Biden looks at Intel’s US investment to lift his China agenda
Biden looks at Intel’s US investment to lift his China agenda

Biden looks at Intel’s US investment to lift his China agenda

WASHINGTON – In celebration a $ 20 billion investment from Intel at a new semiconductor factory in Ohio on Friday, President Biden sought to set in motion a halted element in his economic and national security agenda: a huge federal investment in manufacturing, research, and development in technologies that China also seeks to dominate.

With two other major legislative priorities dying in Congress – the Build Back Better Act and legislation to protect voting rights – Mr Biden moved to push for yet another bill, and a bill that has significant support from two parties.

But he has lost seven critical months since the Senate passed the measure, a comprehensive Chinese competition bill that would set aside nearly a quarter of a trillion dollars for domestic chip manufacturing, research in artificial intelligence, robotics, quantum computers and a variety of other technologies. The bill amounts to most expansive industrial policy legislation in American history.

In a White House speech, Mr. Biden that America was in a “tough economic and technological competition” with China. He chose the words deliberately, knowing that while it sounds obvious to American ears, Chinese officials have in recent months protested the use of the word “competition” and declared that it has echoes of a Cold War-like competition.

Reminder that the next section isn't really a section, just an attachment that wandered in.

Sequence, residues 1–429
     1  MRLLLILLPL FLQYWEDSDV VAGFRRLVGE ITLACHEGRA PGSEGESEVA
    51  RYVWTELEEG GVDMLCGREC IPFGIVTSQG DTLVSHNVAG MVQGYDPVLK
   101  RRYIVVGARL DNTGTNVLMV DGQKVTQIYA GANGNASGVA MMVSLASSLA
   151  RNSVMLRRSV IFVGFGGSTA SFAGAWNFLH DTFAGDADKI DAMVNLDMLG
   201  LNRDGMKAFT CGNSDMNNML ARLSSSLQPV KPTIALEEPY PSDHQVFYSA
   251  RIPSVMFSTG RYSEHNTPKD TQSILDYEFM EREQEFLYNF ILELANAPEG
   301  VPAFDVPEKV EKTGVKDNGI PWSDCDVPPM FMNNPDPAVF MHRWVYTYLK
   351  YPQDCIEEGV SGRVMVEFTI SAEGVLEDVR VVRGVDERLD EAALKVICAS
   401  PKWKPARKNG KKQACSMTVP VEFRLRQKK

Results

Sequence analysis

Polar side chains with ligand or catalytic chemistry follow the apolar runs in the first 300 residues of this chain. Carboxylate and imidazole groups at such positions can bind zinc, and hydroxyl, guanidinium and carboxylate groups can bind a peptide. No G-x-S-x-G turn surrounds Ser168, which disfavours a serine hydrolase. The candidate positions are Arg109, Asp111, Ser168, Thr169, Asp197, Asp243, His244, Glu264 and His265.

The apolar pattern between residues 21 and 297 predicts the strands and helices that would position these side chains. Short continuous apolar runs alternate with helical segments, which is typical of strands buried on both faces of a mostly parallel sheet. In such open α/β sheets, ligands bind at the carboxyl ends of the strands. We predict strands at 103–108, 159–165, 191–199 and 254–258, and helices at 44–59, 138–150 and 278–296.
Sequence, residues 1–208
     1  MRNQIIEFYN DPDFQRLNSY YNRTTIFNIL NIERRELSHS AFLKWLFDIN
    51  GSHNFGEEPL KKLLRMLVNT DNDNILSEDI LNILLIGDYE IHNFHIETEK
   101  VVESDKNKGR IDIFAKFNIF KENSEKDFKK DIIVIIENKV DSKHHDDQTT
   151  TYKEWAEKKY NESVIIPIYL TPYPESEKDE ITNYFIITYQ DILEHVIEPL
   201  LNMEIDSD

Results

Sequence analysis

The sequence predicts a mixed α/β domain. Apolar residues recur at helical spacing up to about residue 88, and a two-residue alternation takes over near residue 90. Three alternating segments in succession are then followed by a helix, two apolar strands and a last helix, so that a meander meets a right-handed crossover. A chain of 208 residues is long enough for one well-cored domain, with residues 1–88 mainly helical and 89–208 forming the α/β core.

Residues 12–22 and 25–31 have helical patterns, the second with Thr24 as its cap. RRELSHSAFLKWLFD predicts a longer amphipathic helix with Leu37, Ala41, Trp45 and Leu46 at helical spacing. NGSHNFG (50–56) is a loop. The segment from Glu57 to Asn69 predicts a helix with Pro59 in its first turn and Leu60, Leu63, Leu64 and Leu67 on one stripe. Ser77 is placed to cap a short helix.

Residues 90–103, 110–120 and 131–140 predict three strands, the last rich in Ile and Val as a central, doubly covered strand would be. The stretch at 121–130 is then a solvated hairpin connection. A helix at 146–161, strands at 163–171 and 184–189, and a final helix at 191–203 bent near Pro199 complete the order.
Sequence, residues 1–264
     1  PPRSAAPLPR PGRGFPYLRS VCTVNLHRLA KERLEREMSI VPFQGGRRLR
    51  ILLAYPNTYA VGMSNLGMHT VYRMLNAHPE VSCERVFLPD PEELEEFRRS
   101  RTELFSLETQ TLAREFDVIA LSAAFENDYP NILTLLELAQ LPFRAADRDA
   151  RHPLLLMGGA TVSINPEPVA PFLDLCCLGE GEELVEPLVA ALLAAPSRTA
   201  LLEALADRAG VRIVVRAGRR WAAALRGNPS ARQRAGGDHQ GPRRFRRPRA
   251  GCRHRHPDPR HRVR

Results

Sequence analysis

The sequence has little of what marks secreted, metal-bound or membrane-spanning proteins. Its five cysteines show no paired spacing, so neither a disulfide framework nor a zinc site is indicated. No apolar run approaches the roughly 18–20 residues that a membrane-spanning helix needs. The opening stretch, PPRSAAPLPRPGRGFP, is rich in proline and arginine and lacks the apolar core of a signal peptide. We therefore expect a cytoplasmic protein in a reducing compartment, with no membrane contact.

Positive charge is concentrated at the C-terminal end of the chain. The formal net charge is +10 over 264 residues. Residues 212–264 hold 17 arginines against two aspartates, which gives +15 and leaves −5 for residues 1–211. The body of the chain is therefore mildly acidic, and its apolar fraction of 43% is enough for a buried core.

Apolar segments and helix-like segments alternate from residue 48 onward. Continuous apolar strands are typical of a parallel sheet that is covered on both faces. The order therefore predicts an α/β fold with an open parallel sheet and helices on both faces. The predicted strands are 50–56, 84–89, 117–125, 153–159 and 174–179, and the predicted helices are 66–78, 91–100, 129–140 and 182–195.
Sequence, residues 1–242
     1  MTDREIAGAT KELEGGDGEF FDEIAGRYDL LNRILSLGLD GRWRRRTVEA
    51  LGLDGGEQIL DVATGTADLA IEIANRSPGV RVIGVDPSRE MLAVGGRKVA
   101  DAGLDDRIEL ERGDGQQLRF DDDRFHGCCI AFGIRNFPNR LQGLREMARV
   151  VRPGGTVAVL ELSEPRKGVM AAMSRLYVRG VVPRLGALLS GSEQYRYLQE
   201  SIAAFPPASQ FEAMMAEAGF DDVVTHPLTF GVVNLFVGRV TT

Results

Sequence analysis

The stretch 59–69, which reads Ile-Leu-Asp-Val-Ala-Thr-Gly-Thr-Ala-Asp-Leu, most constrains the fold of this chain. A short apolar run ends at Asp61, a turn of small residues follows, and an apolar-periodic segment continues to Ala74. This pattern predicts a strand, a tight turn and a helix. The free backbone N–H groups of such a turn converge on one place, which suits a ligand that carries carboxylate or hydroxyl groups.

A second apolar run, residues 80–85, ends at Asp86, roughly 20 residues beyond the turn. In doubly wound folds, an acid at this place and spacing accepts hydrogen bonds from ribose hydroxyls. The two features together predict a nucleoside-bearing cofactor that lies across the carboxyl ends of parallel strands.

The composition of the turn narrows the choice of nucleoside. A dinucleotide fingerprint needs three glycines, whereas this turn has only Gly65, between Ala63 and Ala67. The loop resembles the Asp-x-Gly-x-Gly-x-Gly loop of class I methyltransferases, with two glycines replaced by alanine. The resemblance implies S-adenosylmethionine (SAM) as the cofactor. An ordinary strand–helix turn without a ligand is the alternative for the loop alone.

“We will insist that everyone, including China, play by the same rules,” he said. Biden. “We will invest whatever it takes in America, in American innovation, in American societies, in American workers.”

He argued that the initiative would be a long-term solution to supply chain disruptions and rising inflation and would free US arms systems from being dependent on foreign parts.

After months of rarely mentioning the Chinese Competition Bill so he did not lose focus on other elements of his agenda, Mr Biden said on Friday that it was necessary “for the sake of our economic competitiveness and our national security.”

“Today, we produce just under 10 percent of computer chips, despite being a leader in chip design and research,” he said. “We do not have the ability to make the most advanced chips right now, right now.”

The sweeping shortage of chips needed to power everything from cars and washing machines to medical equipment and electrical networks has forced some factories to close their production lines, knocking an entire percentage point away from U.S. growth last year, according to some estimates.

While the Biden administration has billed Intel’s new investment near Columbus, Ohio, as a partial remedy for supply chain disruptions that have led to global chip shortages and spurred inflation, the project would not do much to address any short-term economic problems. The plant in Ohio, the first phase of what Intel said could be an investment of up to $ 100 billion, is not expected to start operating until 2025, and many analysts have predicted that chip shortages will begin to subside later this year.